Ghana@60: Where Is Our Wirtschaftswunder (Economic Miracle)?

In March every year, young Ghanaians are served great and inspiring tales of a country that was experiencing the African version of Wirtschaftswunder (economic miracle) until the military coup of 1966. Dr. Kwame Nkrumah, we are made to believe, had bold plans for the newly independent West African country. He had embarked on a massive industrialisation programme, building factories, manufacturing plants and quality roads.

The national and continental vision was big. The famous lines delivered at the Polo grounds still ring true: “The independence of Ghana is meaningless unless it is linked up with the total liberation of the African continent…after all, the blackman is capable of managing his own affairs.”  He had told us to think big and act big. We were supposed to go forward in our development, never going back to where we started from.

At independence, we were the toast of the world. We celebrated the day with American Vice-President, Richard Nixon, Adam Powell, Ralph Bunche and Philip Randolph. The charismatic civil rights leader, Martin Luther King Jr., was also present. On his return to the States, he preached a sermon titled: “Birth of a new nation.”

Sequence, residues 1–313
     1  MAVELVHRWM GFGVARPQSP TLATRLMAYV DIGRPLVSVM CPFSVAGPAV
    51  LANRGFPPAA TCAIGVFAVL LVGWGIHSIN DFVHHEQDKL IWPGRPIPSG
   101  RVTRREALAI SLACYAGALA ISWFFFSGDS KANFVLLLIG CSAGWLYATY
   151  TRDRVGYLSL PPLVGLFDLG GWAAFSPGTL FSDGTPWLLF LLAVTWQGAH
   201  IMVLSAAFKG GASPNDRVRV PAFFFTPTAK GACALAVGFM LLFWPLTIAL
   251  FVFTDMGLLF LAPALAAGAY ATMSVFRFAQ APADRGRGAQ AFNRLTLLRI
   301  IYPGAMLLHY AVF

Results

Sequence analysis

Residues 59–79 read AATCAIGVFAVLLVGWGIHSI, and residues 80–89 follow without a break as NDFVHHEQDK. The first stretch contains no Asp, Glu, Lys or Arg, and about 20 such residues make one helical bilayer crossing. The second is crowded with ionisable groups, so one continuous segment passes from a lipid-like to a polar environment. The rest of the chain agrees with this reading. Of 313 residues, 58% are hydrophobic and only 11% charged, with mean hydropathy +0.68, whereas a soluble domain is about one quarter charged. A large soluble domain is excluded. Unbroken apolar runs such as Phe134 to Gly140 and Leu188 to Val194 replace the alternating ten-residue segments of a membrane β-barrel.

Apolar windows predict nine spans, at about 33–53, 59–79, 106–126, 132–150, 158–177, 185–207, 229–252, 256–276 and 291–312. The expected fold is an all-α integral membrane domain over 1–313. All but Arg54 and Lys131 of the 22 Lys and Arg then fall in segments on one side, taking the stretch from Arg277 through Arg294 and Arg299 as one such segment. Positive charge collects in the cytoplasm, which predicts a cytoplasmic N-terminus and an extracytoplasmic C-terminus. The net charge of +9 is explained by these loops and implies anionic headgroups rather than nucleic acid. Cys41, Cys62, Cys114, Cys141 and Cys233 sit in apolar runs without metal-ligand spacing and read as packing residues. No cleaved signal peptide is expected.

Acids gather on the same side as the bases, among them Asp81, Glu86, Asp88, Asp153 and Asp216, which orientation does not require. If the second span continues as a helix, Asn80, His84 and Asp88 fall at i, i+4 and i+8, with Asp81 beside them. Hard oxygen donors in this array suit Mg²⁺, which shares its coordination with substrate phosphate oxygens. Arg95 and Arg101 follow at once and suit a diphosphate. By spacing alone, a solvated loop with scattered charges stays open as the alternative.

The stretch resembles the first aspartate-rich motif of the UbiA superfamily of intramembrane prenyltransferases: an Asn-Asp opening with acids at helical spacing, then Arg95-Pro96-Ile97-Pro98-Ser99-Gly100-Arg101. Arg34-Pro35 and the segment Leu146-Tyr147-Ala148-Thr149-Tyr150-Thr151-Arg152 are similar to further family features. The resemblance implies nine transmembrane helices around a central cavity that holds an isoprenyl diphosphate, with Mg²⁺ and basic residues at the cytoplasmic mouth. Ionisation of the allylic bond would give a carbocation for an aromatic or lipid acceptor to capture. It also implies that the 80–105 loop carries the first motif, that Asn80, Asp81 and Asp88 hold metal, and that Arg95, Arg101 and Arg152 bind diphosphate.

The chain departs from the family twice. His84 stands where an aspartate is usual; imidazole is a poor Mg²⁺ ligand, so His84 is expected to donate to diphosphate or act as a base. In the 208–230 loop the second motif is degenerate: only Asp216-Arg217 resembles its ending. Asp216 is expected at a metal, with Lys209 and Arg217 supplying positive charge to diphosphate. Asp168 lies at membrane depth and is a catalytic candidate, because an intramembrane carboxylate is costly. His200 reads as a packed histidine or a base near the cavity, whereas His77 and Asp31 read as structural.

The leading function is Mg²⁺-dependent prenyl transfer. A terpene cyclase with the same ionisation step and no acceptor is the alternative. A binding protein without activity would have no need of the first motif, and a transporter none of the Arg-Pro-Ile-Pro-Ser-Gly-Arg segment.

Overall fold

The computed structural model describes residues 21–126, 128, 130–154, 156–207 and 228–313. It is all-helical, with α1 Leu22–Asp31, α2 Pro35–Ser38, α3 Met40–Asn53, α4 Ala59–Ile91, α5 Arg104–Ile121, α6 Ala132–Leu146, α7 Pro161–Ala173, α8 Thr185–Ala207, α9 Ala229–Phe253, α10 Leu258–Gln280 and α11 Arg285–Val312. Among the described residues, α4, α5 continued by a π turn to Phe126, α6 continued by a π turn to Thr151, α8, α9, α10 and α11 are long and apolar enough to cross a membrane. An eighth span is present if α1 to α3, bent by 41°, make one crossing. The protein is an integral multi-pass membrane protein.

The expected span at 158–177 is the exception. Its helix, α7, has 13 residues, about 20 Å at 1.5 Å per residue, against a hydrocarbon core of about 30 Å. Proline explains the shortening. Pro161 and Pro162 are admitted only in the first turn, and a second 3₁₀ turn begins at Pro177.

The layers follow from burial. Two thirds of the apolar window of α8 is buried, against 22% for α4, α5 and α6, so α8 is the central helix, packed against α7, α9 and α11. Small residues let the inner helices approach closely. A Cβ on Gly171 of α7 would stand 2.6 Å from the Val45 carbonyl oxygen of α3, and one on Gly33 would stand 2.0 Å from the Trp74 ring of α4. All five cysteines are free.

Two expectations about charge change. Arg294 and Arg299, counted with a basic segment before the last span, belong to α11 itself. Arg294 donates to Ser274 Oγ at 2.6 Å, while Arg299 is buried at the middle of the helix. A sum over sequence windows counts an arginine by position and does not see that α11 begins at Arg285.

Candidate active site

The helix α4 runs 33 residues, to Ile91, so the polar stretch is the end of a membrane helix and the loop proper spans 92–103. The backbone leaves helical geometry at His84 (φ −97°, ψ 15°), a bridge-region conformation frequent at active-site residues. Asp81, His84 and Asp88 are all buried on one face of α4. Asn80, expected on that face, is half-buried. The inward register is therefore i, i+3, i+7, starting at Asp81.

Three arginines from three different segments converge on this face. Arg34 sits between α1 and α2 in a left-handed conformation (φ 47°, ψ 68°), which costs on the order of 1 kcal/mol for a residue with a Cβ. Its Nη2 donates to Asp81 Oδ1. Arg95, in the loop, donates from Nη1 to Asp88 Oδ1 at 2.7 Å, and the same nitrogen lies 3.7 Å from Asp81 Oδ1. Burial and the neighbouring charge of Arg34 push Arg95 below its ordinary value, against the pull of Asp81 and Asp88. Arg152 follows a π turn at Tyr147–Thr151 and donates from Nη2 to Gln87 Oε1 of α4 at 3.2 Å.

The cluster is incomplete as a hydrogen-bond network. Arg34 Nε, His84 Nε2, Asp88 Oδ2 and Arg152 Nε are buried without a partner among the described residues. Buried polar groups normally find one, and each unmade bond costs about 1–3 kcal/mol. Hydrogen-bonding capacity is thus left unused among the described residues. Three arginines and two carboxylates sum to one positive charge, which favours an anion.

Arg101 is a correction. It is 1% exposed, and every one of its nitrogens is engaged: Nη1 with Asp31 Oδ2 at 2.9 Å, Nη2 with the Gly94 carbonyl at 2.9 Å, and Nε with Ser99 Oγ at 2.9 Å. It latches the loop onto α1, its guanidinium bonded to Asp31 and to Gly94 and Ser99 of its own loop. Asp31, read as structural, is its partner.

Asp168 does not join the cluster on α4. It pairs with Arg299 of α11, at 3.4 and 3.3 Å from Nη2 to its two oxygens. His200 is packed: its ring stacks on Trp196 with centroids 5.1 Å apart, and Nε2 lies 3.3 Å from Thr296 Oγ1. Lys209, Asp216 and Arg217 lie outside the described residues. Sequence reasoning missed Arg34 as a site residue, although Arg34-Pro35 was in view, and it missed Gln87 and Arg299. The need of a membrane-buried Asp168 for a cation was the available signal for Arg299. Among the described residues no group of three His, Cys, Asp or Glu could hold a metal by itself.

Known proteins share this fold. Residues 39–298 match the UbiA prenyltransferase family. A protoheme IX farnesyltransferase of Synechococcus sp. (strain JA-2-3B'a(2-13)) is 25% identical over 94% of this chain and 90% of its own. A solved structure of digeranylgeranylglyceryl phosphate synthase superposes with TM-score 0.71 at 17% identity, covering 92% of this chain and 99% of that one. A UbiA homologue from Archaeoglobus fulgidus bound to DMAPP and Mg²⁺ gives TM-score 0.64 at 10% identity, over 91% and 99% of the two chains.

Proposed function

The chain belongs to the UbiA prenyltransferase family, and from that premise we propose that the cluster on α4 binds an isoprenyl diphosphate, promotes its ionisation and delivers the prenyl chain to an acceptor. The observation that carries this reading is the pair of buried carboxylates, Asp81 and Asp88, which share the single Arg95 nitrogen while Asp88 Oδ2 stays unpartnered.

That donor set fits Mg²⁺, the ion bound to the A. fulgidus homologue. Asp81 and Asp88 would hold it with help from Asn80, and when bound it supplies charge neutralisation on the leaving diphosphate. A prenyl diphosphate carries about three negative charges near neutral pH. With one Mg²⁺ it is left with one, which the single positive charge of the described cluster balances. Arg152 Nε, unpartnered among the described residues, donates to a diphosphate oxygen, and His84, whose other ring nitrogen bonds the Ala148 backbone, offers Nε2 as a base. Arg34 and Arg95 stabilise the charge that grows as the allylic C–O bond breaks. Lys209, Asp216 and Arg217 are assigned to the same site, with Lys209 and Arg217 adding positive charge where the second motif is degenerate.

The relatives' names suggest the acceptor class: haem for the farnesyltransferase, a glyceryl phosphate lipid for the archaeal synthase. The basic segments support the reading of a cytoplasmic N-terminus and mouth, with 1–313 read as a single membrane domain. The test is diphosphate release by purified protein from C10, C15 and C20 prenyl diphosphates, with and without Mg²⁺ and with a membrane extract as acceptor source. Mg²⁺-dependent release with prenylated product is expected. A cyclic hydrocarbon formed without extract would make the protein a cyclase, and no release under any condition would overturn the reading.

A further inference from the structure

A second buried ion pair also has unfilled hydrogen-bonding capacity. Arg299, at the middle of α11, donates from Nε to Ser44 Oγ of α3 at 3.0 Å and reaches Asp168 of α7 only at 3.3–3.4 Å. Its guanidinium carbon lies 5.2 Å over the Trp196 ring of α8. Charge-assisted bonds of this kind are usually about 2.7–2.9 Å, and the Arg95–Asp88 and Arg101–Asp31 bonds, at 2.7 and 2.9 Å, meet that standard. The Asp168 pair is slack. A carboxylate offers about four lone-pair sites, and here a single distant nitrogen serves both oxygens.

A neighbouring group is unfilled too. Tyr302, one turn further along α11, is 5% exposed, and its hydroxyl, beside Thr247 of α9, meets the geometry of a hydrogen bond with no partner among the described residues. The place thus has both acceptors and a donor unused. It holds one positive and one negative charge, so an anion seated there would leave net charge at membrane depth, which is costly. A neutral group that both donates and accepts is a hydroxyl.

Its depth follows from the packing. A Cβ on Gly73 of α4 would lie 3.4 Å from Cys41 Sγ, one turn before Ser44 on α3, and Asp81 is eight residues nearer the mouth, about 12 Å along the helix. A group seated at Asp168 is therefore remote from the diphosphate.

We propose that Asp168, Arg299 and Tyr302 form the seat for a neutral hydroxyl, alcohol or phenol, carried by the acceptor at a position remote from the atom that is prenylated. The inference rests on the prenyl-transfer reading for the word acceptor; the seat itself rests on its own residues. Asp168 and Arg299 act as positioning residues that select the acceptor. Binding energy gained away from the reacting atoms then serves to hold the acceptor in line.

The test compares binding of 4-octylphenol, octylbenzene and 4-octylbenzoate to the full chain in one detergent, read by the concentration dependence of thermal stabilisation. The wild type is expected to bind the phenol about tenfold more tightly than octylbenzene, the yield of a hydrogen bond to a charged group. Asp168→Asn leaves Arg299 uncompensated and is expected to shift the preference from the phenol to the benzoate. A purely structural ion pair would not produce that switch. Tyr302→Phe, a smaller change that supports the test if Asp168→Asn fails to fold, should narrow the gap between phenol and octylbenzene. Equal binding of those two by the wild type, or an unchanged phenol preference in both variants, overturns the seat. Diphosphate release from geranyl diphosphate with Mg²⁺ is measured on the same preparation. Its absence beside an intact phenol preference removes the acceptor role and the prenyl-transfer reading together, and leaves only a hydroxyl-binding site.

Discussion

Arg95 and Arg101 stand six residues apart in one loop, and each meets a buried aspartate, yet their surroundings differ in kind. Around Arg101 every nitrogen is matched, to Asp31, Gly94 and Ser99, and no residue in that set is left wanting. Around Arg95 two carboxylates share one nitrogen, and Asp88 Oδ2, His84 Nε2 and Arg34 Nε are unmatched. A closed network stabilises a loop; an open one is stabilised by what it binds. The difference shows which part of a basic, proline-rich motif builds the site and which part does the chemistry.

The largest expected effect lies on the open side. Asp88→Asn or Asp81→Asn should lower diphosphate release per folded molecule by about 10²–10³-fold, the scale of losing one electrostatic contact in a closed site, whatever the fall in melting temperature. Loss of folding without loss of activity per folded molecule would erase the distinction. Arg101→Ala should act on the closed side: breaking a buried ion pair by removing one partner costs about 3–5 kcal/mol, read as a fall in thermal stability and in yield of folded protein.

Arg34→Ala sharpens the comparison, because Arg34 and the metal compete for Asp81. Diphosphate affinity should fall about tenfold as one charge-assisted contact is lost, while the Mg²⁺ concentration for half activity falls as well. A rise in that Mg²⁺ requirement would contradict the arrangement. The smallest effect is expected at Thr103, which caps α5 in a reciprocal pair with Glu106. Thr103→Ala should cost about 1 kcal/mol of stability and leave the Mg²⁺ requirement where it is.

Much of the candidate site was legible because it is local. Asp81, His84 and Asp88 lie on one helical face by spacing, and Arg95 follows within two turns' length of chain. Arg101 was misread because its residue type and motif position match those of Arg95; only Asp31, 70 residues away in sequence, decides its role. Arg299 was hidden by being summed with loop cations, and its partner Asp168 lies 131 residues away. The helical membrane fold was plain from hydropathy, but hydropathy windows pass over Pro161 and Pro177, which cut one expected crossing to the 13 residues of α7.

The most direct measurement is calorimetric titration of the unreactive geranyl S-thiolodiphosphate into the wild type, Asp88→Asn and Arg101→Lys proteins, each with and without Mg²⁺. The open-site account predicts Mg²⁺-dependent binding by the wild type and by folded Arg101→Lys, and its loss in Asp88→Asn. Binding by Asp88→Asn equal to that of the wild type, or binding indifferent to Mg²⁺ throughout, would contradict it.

In the sermon, he said “And I could hear that old Negro spirit once more ‘free at last, free at last, Great God Almighty.’ You can interpret Ghana any kind of way but Ghana tells me that the forces of the universe are on the side of justice.” The alliteration of ‘free at last’ would be repeated in the phenomenal: ‘I have a Dream’ speech in 1963.

60 years on, the miracles that were promised us on 6th March, 1957 have become an economic apparition, frightening away the brilliant ideas we desperately need to salvage the last surviving vestiges of our grand vision. Sometimes, the young ones doubt that the beginnings were as glamorous and promising as history has it. We must have managed our lives very carelessly to have gotten to an open defecation state.

One man one car and one house